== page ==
• Relevant coursework may include:
  1. Applied Probability & Statistics
  2. Calculus for Computer Science
  3. Computer-Aided Design
  4. Computer-Aided Engineering
  5. Electrical Circuits & Systems
  6. Environmental and Safety Standards
  7. Industrial Automation
  8. Manufacturing Processes
  9. Materials and Manufacturing
  10. Materials Science
  11. Mechanical Design
  12. Product Design Optimization
  • Many students go for a 5-year dual bachelor’s and master’s degree
  • Internships in manufacturing or design firms can provide practical experience
  • Optional professional certifications such as Six Sigma, Lean Manufacturing, or Project Management are great ways to boost one’s knowledge and capabilities
  • Workers with engineering degrees can take the Fundamentals of Engineering exam, earn a National Council of Examiners for Engineering and Surveying’s Engineer In Training certification, and pursue a National Society of Professional Engineers’ Professional Engineer license when the time is right
Things to look for in an University
  • Seek an ABET-accredited program in mechanical engineering or industrial engineering
  • Weigh the cost of tuition against available financial aid and scholarship opportunities
  • Decide on the program format (on-campus, online, or hybrid)
  • Assess faculty qualifications and facilities for modern labs and research spaces
  • Investigate partnerships with industry/research institutes for enriched learning experiences
  • Consider post-graduation outcomes like job placement rates and the strength of the alumni network
Things to do in High School and College
  • Reach out to do an informational interviews with a working Manufacturing Design Engineers
  • Check out “A Day in the Life of a Manufacturing Engineer
  • Watch videos and read blogs and publications related to the field to stay informed about industry trends
  • Review job posts and read the job descriptions to see what current qualifications and specializations employers are looking for
  • In high school, focus on math (algebra, geometry, trigonometry, calculus), physics, computer science, chemistry, and design courses
  • Apply for engineering scholarships like the SME Education Foundation Scholarship
  • In college, delve into courses on manufacturing processes, CAD/CAM, and material science
  • Engage in extracurricular activities like engineering clubs or design competitions
  • Participate in internships or co-op programs to gain real-world experience
  • Join professional organizations and forums related to manufacturing and design engineering
  • Join manufacturing design engineering-related discussion groups like Engineers Edge
  • Keep track of all your work and academic accomplishments for your resume and college applications
Typical Roadmap
Manufacturing Design Engineer Roadmap
How to land your 1st job
  • Seek internships in manufacturing design to gain practical work experience
  • Use a Manufacturing Design Engineering resume template
  • Include relevant keywords such as CAD, Process Optimization, Lean Manufacturing, etc.
  1. Check out some current job postings to search for relevant keywords to include, if applicable to your resume
  • Enhance your resume by acquiring certifications in key areas like CAD software (SolidWorks, AutoCAD) or process improvement methodologies (Six Sigma)
  • Participate in competitions or collaborative projects focused on manufacturing design to gain attention
  • Prepare for interviews by brushing up on relevant terminology and trends
  1. Brush up on areas like 3D printing, robotics, and sustainable design practices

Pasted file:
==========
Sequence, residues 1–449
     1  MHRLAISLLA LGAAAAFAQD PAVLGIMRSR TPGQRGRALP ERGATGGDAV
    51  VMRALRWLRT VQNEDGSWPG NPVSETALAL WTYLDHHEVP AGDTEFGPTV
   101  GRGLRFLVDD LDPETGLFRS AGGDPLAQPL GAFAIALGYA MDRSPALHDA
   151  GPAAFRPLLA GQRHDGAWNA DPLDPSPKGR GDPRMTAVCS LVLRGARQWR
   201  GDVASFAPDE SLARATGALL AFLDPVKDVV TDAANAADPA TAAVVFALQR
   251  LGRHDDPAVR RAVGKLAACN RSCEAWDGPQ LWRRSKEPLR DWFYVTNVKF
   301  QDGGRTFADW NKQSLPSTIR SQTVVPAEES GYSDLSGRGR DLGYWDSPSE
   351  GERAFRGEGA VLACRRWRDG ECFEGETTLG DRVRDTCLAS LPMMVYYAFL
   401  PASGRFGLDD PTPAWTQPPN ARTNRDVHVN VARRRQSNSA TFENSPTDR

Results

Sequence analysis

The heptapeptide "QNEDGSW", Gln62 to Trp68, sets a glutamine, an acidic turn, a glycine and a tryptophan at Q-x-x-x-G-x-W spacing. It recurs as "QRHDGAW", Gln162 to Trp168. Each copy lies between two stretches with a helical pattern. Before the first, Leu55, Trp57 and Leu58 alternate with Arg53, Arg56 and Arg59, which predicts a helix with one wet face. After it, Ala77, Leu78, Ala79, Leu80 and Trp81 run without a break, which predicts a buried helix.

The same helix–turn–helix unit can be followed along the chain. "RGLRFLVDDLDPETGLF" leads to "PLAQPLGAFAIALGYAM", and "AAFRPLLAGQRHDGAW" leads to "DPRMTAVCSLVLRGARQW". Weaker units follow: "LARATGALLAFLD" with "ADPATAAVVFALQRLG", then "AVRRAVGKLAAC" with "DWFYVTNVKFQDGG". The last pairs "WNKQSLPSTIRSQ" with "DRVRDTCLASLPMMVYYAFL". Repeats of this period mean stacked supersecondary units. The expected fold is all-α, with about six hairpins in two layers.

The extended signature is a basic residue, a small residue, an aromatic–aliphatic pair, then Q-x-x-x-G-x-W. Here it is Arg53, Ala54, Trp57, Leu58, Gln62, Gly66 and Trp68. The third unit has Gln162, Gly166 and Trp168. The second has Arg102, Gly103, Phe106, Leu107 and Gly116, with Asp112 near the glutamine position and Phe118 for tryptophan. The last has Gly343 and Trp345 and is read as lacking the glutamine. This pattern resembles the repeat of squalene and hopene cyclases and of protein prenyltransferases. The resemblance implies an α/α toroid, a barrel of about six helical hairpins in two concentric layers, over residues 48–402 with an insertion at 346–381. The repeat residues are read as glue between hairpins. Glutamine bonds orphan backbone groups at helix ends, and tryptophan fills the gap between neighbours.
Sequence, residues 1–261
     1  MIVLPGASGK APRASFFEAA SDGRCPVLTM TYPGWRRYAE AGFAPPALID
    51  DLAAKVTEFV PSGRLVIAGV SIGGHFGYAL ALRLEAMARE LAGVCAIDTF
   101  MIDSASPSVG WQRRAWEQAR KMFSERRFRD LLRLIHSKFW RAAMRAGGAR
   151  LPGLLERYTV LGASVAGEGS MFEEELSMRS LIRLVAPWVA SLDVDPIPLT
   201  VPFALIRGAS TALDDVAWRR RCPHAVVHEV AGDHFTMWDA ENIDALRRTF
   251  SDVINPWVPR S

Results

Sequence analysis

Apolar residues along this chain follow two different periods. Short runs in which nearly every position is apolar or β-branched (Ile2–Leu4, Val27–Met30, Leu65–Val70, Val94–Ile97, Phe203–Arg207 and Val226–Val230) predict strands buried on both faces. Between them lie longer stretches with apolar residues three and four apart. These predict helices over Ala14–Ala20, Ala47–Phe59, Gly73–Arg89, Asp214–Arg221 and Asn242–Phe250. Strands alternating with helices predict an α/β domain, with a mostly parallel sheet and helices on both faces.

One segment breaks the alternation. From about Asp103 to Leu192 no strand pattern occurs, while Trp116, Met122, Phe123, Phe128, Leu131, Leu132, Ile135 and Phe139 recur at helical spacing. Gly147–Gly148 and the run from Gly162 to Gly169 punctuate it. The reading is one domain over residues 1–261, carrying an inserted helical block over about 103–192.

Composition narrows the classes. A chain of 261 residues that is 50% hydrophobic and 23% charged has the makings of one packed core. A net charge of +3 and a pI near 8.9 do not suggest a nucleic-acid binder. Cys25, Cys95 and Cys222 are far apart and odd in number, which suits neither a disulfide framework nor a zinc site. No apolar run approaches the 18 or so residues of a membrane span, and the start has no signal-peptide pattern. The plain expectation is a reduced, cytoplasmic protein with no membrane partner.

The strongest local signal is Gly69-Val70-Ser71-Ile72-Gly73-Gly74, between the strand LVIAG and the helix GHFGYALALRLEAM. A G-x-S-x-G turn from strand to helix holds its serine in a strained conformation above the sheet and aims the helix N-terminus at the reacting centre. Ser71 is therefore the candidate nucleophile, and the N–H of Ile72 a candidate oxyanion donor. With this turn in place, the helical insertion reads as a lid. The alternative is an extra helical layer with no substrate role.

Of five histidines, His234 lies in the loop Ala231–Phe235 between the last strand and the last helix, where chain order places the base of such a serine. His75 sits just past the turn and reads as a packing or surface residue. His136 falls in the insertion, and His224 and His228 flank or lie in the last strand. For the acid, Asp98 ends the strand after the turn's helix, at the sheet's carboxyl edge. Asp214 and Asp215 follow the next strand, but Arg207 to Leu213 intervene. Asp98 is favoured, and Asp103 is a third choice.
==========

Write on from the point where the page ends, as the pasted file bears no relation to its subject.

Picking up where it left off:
• Create a digital portfolio showcasing your design projects and contributions. Detail your roles, skills used, and the impact of your work
  • Jobs are often found through networking, so make connections by going to professional association events. Let your network know you’re looking for work!
  1. Be active in online forums related to manufacturing design engineering
  2. Use LinkedIn and specialized engineering forums to discover job opportunities
  • Research potential employers and visit their career pages for job openings
  • Ask former supervisors and/or college professors for references or recommendation letters
  • Utilize your school’s career center for help with resume and interview preparation
  • Ask your program manager if they have ties with local employers or recruiters
  • Dress professionally for job interviews 
How to Climb the Ladder
  • Consider specialized certifications or a master’s degree to deepen your expertise
  • Discuss advancement opportunities with your supervisor. Try to get involved in higher-level decision-making
  • Volunteer for challenging manufacturing projects to demonstrate your skill and adaptability
  • Proactively seek additional education and training to benefit your career and employer
  • Stay current with the latest software, tools, and manufacturing methodologies
  • Build strong relationships with colleagues, management, and clients
  • Mentor junior colleagues or interns to develop leadership skills
  • Consider switching employers if necessary to advance your career. Move to an area where there are more job opportunities in your field, if necessary to advance
  1. For example, states with high levels of industrial engineer employment include Michigan, California, Texas, Ohio, Illinois, Minnesota, Wisconsin, Indiana, and Connecticut
Recommended Tools/Resources



  • Introduction to Manufacturing: An Industrial Engineering and Management Perspective, by Michel Baudin and Torbjørn Netland
  • Manufacturing Processes for Engineering Materials, by Serope Kalpakjian and Steven Schmid
  • The Design of Everyday Things, by Don Norman
  • The Materials Sourcebook for Design Professionals Hardcover, by Rob Thompson and Martin Thompson 
Plan B

Manufacturing Design Engineering is a dynamic and evolving field. Sometimes the pressure to meet production demands and deadlines can be intense. For those who are curious about other options, check out the below list of related career fields!

  • CAD Technician
  • Chemical Engineer  
  • Electrical Engineer
  • Human Factors Engineer
  • Industrial Designer
  • Industrial Engineer
  • Materials Engineer
  • Mechanical Engineer
  • Mechatronics Engineer
  • Operations Manager
  • Process Improvement Specialist
  • Product Designer
  • Quality Assurance Engineer
  • Robotics Engineer
  • Supply Chain Manager
  • Validation Engineer


Online Courses and Tools